Skip to main content

Hockey Heroes: Bill Goldsworthy

Bill was a hard shooting winger developed in the Boston Bruins junior and minor league system. He played with the Bruins OHA junior team in Niagara Falls and helped the Falls Flyers win the 1965 Memorial Cup.

"Goldy," as he was best known, never really got a chance to play with the Bruins however. He played parts of two injury plagued years with the Bruins but spent most of his time in the minor leagues.
Goldsworthy was the beneficiary of expansion when the NHL grew from 6 to 12 teams. 6 new teams meant approximately 120 news jobs in the NHL, and Goldy wanted to be one of those 120. That process began on June 6, 1967, when he was chosen by the Minnesota North Stars in the expansion draft.

Of all the players, chosen in the expansion draft, it was Goldy who may have had the best career. In Minnesota he developed into a fine goal scorer and became the North Stars first star attraction.

After a modest 14 goal, 33 point season in 68 games, Goldy exploded in the playoffs. In 14 games in the 1968 post season, Goldy led the entire National Hockey League in goals (8) and points (15). He also popularized the "Goldy Shuffle." The Shuffle is a now common routine for celebrating a goal, but it was Goldsworthy who really started it. Bill would lift one leg, and pump the opposite arm in
celebration of goals.

Goldy suffered a setback in 1968-69 season. Critics scoffed that he was a post season fluke and they scoffed more when he struggled through a terrible 1968-69 season. He scored only 14 goals in 68 games, just 6 more than he scored in 14 playoff games the previous spring. He only added 10 assists and was a horrendous -27.

However he silenced his critics in 1969-70 when he rediscovered his touch and scored a whopping 36 goals. And he proved it was no fluke for the next 5 years as he failed to score more than 30 goals only once. He scored a club record of 48 goals in 1973-74 season that stood for eight years before Dino Ciccarelli broke the mark in 1982. He captained the Stars from 1974-1976 and represented the team in 5 different all star games.

While Bill was more of a shooter than a playmaker, he was not a one-trick pony. He could play at both ends of the ice and was known as a solid team player. These all around qualities helped him to be selected on Team Canada's Summit Series roster that defeated the Russians in 1972. Goldy appeared in 3 of the 8 games, scoring 1 goal and 1 assist.

Bill was a very talented player who benefited from lots of playing time with the expansion North Stars. While he never got a chance to play in Boston, one would have to wonder how good Goldy would have been with a team that possessed a more talented supporting cast.

Late in his career the Stars traded their original franchise player to the New York Rangers. By this point in his career Goldy was showing his age and not contributing like he used to. His struggle with alcoholism was also starting to win the battle.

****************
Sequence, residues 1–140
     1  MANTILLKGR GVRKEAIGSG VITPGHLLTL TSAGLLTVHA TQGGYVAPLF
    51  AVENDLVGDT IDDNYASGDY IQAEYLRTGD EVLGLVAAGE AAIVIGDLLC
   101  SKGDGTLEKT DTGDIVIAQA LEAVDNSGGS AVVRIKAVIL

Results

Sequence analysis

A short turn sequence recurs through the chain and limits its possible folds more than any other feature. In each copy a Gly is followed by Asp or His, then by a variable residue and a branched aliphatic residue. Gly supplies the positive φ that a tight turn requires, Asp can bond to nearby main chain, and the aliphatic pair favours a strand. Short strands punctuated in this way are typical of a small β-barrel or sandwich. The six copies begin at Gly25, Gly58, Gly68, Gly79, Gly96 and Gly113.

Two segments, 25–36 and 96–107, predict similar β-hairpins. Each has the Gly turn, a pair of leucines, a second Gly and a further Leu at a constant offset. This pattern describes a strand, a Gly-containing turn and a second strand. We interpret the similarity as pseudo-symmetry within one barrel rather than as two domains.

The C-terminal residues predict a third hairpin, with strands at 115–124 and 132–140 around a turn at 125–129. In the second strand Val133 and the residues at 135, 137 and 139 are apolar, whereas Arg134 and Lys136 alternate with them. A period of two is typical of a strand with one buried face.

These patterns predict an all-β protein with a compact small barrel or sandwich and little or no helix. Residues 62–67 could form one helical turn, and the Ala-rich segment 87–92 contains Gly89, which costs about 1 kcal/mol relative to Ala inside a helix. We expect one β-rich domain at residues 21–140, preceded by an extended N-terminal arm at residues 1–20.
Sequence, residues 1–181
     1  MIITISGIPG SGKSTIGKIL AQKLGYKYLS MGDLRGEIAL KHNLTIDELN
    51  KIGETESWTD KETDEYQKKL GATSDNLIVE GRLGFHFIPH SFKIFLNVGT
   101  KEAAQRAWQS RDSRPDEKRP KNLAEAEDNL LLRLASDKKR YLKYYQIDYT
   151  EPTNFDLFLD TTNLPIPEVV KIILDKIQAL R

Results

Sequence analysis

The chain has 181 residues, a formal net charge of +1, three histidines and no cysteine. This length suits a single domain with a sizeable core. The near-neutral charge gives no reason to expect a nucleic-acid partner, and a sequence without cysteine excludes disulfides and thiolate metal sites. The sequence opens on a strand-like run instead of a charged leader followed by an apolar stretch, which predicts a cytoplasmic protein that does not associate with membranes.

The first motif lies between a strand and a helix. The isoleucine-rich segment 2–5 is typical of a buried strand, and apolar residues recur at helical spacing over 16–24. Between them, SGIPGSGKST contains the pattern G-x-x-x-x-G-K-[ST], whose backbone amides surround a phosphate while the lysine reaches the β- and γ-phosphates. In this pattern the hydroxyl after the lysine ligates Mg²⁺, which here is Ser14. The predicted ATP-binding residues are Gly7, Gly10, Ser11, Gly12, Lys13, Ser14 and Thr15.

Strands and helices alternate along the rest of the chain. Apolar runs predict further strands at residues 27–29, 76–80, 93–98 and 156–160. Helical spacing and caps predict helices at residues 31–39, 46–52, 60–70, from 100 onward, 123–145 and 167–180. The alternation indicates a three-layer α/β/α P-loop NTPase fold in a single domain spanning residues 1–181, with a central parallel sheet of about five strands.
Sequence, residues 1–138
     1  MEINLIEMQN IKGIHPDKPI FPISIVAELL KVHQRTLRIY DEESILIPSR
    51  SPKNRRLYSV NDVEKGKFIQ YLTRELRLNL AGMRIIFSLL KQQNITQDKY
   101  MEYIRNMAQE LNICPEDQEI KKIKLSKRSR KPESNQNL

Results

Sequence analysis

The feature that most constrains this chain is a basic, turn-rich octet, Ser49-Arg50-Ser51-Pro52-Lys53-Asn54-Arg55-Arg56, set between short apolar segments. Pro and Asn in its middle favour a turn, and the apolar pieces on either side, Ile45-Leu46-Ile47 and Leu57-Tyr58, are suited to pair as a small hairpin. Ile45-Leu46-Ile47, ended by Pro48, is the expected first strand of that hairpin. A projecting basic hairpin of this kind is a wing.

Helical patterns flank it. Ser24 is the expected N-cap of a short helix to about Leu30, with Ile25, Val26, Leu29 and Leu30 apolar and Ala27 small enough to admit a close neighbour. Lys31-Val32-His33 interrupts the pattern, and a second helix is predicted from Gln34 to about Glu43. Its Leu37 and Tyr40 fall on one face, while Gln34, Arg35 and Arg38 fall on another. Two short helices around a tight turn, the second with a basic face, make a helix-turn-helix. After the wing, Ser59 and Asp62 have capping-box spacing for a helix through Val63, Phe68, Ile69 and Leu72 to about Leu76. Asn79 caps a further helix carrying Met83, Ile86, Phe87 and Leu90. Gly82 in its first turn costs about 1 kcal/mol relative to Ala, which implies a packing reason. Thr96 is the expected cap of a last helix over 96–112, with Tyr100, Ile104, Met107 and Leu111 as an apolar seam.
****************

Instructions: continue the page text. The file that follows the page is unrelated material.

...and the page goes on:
Bill played 68 games with the Rangers before finishing his career with the WHA's Indy Racers and Edmonton Oilers.

With the Stars franchise set to move from Minnesota to Dallas, the North Stars did something nice to remember their past. On February 15th, 1992 Bill's number eight was retired in a memorable ceremony in front of a sell out crowd at Met Center. It was one of the last great memories for North Star fans.

After retiring as a player, Bill moved into coaching. He was coaching the San Antonio Iguanas of the Central Hockey League when he was hospitalized on November 11, 1994. He had been feeling ill for two months, and learned during the stay that he was suffering from AIDS. Bill passed away in a Minneapolis hospital, May 24, 1996 of complications from the disease.

Comments

Popular posts from this blog

100 Greatest Hockey Players Of All Time

What follows is a listing of the 100 greatest hockey players of all time, in my opinion. As discussed earlier, the definition of greatness is a very personalized endeavor and there is absolutely nothing wrong with it.
While there is no way of ever truly ranking the top 100 definitively, it is important for the creators of such lists to be open and transparent of how the came to their conclusions. That accountability allows the reader to better understand the process. 

Although admittedly I'm using a completely unscientific formula, I weigh career achievements (era statistics, awards, championships) and legacy (impact on and off ice, peak dominance) equally high. I rank player ability as the third most important ingredient, as first and foremost as a tie breaker. Hence, I'm not necessarily looking for the better player, as in text book definitions of what a hockey player should be, but for players with the greatest careers and greatest legacies. Therefore the best player is not n…

Top Ten Junior Players Of All Time

Let's take a look at the Top Ten junior players of all time. For the purposes of this list we will at players in the WHL, OHL and QMJHL only.

10. Pat Lafontaine, Verdun, QMJHL Rookie-record 104 goals, 234 points in 1982-83; major junior player of the year.

9. Denis Potvin, Ottawa, OHL 254 games, 95 goals, 234 assists, 329 points. Broke Bobby Orr's junior records.

8. John Tavares, Oshawa, OHL 215 goals, 433 points in 247 games; most goals in OHL history; eligibility rules changed to admit him at 15; 2006 major junior rookie of the year, 2007 major junior player of the year; two world juniors, named 2009 all-star, top forward and MVP.

7. Sidney Crosby, Rimouski, QMJHL 120 goals, 303 points in 121 games; two-time major junior player of the year; silver and gold with Canada at two world juniors.

6. Eric Lindros, Oshawa, OHL 97 goals, 216 points in 95 games; one Memorial Cup victory; three world junior tournaments; major junior player of the year in 1991.

5. Mike Bossy, Laval, Q…

Greatest Hockey Legends: M